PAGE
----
“Instead of choosing a blend, clients choose a coffee grower. We never mix the coffee of the coffee growers, the packaging always carries the photo of the coffee grower, with Wayúu [a Colombian Indigenous group] patterns, Colombian colors,” she said.
The company will begin to work with a network of some 500 Colombian coffee growers and plans to carry out a census to gather more information on how it can help this sector, understanding that with the pandemic “many things have changed and the needs are different”.
Women in the coffee-growing business
María José is part of a new generation of entrepreneurs who are taking the reins of a business that has historically been managed by men, despite the important role of women as coffee growers in the entire production chain.
“We tried to start four years before 2016 and we called everyone and no one believed in us because it was a man’s world. Now it has made way for women. Our coffee roaster was a woman. My mother has already found a community of women coffee growers in the country, it is very exciting. So we have seen a change, although there is still a long way to go to close the gap,” she said.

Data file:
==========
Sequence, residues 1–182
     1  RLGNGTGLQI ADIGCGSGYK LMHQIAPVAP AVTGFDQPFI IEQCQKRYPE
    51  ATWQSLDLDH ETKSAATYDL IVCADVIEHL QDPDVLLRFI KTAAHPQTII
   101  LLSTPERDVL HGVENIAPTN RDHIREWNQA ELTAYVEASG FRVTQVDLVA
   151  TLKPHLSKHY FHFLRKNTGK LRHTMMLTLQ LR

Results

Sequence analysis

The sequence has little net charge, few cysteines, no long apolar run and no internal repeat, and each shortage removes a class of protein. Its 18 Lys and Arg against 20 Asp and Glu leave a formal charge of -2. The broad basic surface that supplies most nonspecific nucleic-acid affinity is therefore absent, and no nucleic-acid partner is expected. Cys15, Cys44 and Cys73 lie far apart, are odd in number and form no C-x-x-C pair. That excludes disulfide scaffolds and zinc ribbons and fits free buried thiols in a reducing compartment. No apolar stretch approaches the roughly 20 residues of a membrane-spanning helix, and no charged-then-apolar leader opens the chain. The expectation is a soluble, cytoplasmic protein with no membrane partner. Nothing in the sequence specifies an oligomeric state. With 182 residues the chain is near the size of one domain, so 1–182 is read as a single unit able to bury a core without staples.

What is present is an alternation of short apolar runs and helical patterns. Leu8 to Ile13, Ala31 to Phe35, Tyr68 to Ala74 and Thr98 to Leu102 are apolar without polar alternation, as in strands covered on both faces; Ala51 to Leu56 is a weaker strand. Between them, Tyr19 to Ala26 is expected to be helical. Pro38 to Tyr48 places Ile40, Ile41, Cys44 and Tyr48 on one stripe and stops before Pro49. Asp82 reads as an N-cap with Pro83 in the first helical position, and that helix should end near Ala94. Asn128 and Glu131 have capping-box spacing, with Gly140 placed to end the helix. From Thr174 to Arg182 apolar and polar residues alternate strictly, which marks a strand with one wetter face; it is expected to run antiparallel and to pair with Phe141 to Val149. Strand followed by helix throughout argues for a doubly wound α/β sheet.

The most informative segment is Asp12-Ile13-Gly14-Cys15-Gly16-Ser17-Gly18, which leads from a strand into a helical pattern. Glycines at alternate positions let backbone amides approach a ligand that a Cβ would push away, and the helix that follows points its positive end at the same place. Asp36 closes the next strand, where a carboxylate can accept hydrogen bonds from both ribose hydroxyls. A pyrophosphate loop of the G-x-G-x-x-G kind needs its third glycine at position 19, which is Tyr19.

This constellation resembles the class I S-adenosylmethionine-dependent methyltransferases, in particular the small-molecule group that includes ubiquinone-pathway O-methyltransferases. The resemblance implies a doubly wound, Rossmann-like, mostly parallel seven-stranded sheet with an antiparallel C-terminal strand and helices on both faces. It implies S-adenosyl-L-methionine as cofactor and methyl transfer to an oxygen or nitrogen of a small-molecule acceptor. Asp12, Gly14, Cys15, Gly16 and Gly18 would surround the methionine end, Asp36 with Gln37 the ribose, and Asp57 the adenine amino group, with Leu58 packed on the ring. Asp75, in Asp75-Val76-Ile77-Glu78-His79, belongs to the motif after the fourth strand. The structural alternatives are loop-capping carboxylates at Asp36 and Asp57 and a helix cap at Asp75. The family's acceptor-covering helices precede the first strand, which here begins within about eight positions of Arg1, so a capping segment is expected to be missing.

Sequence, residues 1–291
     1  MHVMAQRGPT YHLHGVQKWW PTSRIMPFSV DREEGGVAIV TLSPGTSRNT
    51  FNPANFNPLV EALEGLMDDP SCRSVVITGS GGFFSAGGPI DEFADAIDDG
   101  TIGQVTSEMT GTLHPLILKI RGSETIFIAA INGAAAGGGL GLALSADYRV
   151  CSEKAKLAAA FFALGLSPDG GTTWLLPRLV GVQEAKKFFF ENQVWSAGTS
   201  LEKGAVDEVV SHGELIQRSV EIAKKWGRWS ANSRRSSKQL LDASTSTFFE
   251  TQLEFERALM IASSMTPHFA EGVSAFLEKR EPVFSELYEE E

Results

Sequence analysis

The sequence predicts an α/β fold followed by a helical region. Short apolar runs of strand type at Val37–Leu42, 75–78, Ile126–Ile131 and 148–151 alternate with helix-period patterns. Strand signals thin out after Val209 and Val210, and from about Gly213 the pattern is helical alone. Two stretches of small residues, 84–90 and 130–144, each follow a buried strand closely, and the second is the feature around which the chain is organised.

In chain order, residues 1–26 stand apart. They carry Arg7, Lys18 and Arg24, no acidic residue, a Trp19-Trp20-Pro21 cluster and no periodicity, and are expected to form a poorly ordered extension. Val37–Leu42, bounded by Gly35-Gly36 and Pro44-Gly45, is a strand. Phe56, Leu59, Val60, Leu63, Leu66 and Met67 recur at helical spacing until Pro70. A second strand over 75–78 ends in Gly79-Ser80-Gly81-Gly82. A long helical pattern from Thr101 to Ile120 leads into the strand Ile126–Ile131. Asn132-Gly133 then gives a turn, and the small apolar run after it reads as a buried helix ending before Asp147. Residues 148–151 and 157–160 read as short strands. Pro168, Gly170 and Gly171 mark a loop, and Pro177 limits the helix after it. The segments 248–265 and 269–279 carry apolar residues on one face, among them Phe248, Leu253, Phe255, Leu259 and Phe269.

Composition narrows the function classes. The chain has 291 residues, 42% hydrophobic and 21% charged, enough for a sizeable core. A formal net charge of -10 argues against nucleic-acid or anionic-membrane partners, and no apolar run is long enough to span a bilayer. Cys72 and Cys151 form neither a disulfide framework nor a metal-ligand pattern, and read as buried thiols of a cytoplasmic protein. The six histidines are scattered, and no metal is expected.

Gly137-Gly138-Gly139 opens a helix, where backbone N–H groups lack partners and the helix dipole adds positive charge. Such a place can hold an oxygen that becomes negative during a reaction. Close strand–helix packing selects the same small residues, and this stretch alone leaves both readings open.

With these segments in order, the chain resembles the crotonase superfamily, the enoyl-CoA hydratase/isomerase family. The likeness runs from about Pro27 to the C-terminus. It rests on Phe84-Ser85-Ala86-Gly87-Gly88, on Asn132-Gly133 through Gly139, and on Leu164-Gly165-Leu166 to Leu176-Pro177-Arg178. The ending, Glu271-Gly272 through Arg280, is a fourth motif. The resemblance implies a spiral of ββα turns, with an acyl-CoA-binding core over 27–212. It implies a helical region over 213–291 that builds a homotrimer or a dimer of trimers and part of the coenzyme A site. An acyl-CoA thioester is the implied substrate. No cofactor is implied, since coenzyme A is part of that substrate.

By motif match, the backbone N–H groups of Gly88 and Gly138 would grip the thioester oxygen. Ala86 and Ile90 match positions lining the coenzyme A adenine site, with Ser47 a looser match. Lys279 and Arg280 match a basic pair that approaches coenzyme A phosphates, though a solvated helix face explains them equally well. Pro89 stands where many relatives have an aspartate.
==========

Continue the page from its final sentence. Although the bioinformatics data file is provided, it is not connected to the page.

For María José, it is important to point out that in many coffee-growing families the man is normally recognized, but the woman is “the first to get up and the last to go to bed on the farms. So part of the census that we are carrying out is to be able to identify more of those women”.
“Another thing we have seen is the lack of education, in terms of coffee-production processes. How to improve their coffees. What we have seen is that they are just entering the world, they are new, so they still don’t know the protocols and all that. Sometimes they are not able to export, but I believe that with assistance and good management we can have very positive results.”
For now, Progeny Coffee concentrates all its impact on the Colombian market, mainly focused on the so-called coffee-growing belt (eje cafetero) and soon in Huila, but has no direct presence in the country.
Among the company’s plans is the opening of new markets in the Caribbean, including Puerto Rico.
In addition, María José also plans to enter the country with a network of coffee shops and already has plans in that direction.
“We are going to start opening stores next year,” she said.
The company has just closed a $1.7 million investment round and the funds were used to strengthen the brand’s distribution capabilities. María José says that with a new injection of capital they hope to start up the network of coffee shops.
María José was recently the recipient of the Entrepreneurial Spirit Award from the United States Hispanic Chamber of Commerce (USHCC).
“Reflecting on where my drive came from, it all goes back to my incredible family, who taught me the resilience that only comes from being a farmer. Where there is no rest, and you are constantly fighting against all economic and climatic adversity,” she said on social media after winning the award.
Translated from the Spanish by Adam Critchley